The problem with many online dating sites is that they are dominated by dudes, sometimes creating an unwelcoming environment for 50 percent of the population. LikeBright co-founders Sonya Lai, Ron Lai and Nick Soman want to flip the model on its head, creating a service where women can vouch for guys they know and tag them as funny, caring, smart, responsible or cute.
“We stay focused on the positive,” says Soman, adding that there’s no “down voting” or ratings on LikeBright.
To get things rolling, the Seattle startup — one of 10 companies now participating in the TechStars program — is kicking off a contest to find Seattle’s most eligible bachelors. Guys in five age categories, and five of the women who voted for them, will be eligible to win prizes and recognition at the LikeBright launch event November 12th at the Triple Door in Seattle.
But, before that occurs, here’s a closer look at LikeBright.
Inspiration hit us when: “We realized that there just wasn’t a great dating solution built for women, and observed that the best wingman is a wingwoman. We started talking to women and came up with LikeBright.”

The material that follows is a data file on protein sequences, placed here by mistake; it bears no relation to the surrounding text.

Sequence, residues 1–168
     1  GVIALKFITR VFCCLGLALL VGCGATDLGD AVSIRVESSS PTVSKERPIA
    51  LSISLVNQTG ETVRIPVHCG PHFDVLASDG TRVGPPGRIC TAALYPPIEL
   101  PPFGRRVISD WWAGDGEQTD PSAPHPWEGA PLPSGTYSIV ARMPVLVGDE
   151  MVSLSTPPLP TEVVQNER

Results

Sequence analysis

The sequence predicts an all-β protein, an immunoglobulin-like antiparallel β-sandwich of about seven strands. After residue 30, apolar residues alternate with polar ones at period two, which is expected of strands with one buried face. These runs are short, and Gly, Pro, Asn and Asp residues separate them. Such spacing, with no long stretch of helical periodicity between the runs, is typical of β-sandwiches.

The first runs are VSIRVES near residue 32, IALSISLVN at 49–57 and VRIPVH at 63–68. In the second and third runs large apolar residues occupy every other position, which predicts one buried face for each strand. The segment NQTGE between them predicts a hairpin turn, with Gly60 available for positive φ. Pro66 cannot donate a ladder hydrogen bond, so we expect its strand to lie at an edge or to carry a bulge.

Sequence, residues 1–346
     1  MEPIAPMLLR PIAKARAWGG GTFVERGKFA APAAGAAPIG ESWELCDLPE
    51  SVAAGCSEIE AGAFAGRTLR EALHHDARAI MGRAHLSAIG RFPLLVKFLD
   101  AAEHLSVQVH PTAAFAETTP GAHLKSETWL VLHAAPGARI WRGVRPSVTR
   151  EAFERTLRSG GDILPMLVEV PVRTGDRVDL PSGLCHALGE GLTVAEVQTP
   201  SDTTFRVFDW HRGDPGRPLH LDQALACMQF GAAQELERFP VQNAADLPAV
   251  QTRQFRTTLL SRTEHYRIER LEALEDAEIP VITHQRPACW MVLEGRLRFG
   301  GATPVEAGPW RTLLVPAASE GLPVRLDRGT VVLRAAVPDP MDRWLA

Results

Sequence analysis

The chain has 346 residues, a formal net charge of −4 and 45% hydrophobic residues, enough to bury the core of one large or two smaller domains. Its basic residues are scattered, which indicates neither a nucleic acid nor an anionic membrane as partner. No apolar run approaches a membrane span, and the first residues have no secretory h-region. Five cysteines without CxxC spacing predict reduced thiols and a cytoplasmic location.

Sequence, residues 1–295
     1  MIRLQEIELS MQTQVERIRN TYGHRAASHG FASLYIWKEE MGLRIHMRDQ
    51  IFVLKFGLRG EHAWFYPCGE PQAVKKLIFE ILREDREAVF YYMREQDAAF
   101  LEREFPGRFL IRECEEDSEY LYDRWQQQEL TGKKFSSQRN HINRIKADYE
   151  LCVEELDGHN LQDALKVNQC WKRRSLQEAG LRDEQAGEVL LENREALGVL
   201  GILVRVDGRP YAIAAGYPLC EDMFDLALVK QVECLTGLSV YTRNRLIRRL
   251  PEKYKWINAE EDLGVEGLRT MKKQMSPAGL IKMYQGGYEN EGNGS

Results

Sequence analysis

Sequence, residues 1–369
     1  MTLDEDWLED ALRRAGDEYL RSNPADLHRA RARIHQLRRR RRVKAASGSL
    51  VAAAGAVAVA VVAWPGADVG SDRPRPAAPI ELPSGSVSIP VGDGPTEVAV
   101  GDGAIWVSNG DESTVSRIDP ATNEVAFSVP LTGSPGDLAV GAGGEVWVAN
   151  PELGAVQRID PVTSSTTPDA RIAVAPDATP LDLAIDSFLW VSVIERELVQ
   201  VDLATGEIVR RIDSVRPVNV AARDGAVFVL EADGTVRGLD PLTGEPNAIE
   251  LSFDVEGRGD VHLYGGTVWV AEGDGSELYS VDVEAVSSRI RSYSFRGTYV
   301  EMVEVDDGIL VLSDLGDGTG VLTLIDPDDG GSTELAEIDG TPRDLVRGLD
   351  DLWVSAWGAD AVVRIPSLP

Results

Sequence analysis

VC, Angel or Bootstrap: “Investors are part of the team, so it all depends on the people. We got seed funding from TechStars Seattle and we’re currently raising a small round, with about $150,000 committed from smart folks who can help us realize our vision.”
Our ‘secret sauce’ is: “Understanding how relationship decisions happen in the real world, and tweaking that process to make it better online.”
The biggest mistake we’ve made so far: “We briefly and inexplicably changed our name to PirateBird.”
Would you rather have Gates, Jobs, Zuckerberg or Bezos in your corner: (Why) “Zuckerberg. We love what you’ve built, Mark! Just trying to help.”
Our world domination strategy starts when: “Women stop heading to the bathroom together to compare notes on guys, and start doing it at the table via LikeBright.”
Rivals should fear us because: “We’re not building a dating site. We’re building a layer on Facebook that helps people share information to make better dating decisions for themselves.”
We are truly unique because: “Women don’t have to have profiles to use our site, and we welcome women in happy relationships. We are building a community for all women, for matchmaking, for cheerleading, for staying informed, and for learning about men they know or might want to get to know.”
The biggest hurdle we’ve overcome is: “Learning to tell our own story on our own terms.”
What’s the one piece of advice you’d give to other entrepreneurs just starting out: “Haters gonna hate. Do what you love, and never stop learning.”
(Editor’s note: GeekWire’s Rebecca Lovell and Jonathan Sposato are both mentors in the TechStars program, and GeekWire is a media sponsor of the company’s dating contest).